In 2015, India’s Supreme Court struck down the constitutional validity and legality of Section 66A of the Information Technology (IT) Act, which penalized sending offensive messages through communication service” and included information shared via a “computer resource or a communication device” known to be “false, but for the purpose of causing annoyance, inconvenience, danger, obstruction, insult, injury, criminal intimidation, enmity, hatred or ill will”.
The wide net cast by the section did not go unnoticed by India’s apex court which said, “Section 66A is cast so widely that virtually any opinion on any subject would be covered by it, as any serious opinion dissenting with the mores of the day would be caught within its net.”
However, a recent report published by Bombay-based research and advocacy organization on gender and digital rights Point of View suggests that Section 67 of India’s IT Act, which deals with criminalizing obscenity in the digital sphere, has been resurrected in the guise of the now unconstitutional 66A, and ends up curtailing voluntary sexual expression and the freedom of speech.
Graver Consequences for Digital Obscenity
Section 67 punishes the transmission of obscene material in electronic form – something which is prurient and likely to induce lascivious tendencies in the viewer or receipt of such information. It is a stringent provision, mandating higher punishment for obscenity in the digital sphere than in the offline world (which is covered under Section 292 of the Indian Penal Code.)
Section 292 mandates a jail term up to two years and a fine up to Rs 2,000 for a first-time conviction. Under Section 67, the jail term can be up to three years and the fine up to Rs 500,000 for the first time.
A subsequent conviction raises the maximum jail term to five years under both Sections —but the fine goes only up to Rs 5,000 under Section 292, and up to Rs 1 million in Section 67.
While exceptions for scientific, literary, artistic or religious purposes are allowed under Section 292, they are not allowed under Section 67 of IT Act.
What the Numbers Say
Point of View has culled and analysed data since 2002 from India’s National Crime Research Bureau’s (NCRB) records to put forth the point that Section 67 is being grossly misused, and is “the new Section 66A”. “From 2008 to 2015, the number of cases filed under Sec 67 grew steadily from 105 to 749, while those filed under Sec 66 grew from 138 to a whopping 6567,” the report states.
“Trawling through NCRB data allowed for a broader understanding of how Sec 67 has been used since its inception. Notably, the section has become a catch-all category, used as a garbage dump for offences that sometimes have little connection with ‘obscenity’. Despite the introduction of Section 66E into the IT Act in 2008, which regulates the capture, publication or transmission of “the image of a private area of any person without his or her consent, under circumstances violating the privacy of that person, it is Sec 67 that continues to be used in a case where there’s a toss-up between privacy and obscenity”, the report states.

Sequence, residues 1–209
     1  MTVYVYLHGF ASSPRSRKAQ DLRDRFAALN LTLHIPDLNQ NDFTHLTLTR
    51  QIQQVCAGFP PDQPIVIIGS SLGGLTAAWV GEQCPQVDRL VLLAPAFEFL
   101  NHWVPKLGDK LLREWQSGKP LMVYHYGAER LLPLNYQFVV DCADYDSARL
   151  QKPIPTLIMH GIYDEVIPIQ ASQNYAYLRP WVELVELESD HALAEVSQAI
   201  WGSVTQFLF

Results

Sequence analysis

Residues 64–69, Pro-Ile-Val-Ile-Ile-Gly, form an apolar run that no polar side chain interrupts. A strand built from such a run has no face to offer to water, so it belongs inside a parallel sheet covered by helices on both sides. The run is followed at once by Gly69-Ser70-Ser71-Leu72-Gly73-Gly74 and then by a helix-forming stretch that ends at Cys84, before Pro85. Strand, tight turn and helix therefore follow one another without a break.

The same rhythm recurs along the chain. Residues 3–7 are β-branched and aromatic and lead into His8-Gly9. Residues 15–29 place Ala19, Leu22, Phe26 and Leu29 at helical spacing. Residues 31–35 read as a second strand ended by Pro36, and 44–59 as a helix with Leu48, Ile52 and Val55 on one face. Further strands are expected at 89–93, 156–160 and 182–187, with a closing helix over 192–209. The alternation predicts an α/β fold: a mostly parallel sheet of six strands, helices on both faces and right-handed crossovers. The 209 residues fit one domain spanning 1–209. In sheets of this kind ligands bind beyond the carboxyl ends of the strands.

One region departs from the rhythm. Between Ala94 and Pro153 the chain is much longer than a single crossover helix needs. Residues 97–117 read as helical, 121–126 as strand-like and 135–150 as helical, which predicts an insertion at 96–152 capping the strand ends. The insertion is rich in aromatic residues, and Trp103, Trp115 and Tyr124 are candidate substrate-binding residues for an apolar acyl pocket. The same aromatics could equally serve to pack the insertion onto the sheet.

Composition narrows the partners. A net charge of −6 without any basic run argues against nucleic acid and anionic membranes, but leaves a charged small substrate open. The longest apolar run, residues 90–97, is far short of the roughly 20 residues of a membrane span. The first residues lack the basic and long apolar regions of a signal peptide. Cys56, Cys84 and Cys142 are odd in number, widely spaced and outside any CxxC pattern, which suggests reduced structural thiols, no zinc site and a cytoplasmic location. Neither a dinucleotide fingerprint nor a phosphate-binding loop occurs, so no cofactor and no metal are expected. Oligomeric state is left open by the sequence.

The report notes with great consternation that where videos of gang-rape are being circulated over various electronic media, the primary harm- that is, the violation of privacy of the victim-complainant is being subsumed as the offence is booked for obscenity.
“Some consent violations that have not been legally recognized are treated as obscenity offences. Legally ‘invisible’ violations of consent, such as images morphed without consent and sexual images received without consent, have yet to receive legal recognition. These cases are currently filed under Sec 67 because there is no other place to file them. In a context where there are a huge number of morphing cases filed, and the receipt of non-consensual, unsolicited sexual images is as common as their production and distribution, the law needs to recognize these consent violations”, the report states.
Criminalizing political speech
An analysis of media reports from 2012-2016 shows that Section 67 is being used to seek criminalization of political speech. One instance is of a certain Ajay Hatewar who criticized the picture of the state of Maharashtra’s Chief Minister Devendra Fadnavis vacationing on a yacht with his wife and daughter while the state’s economy was in doldrums. Hatewar’s criticism on Twitter could possibly be deemed as “objectionable”, but he was booked for obscenity under Section 67. Bafflingly enough, the picture was posted on Twitter by a government organization’s handle.
Bishakha Datta, the lead researcher of the report, says that not only is this “mission creep, but also a gross misuse of Section 67.” Because Section 67 has such a low threshold, more and more people are being illegally booked under this catch-all provision.
Section 67 as a tool of Censorship
Couples who made intimate videos of themselves, and those videos which were leaked and circulated online without their consent , were also booked under the section. Moreover, since 2014, India’s crime recorders started profiling the makers of such videos as “sexual freaks” as one of the categories, without any legal substantiation.
The report recommends that the government takes serious note of the burgeoning number of prosecutions under Section 67 – the illegally-resurrected Section 66A which was used as a bully’s truncheon against free expression online.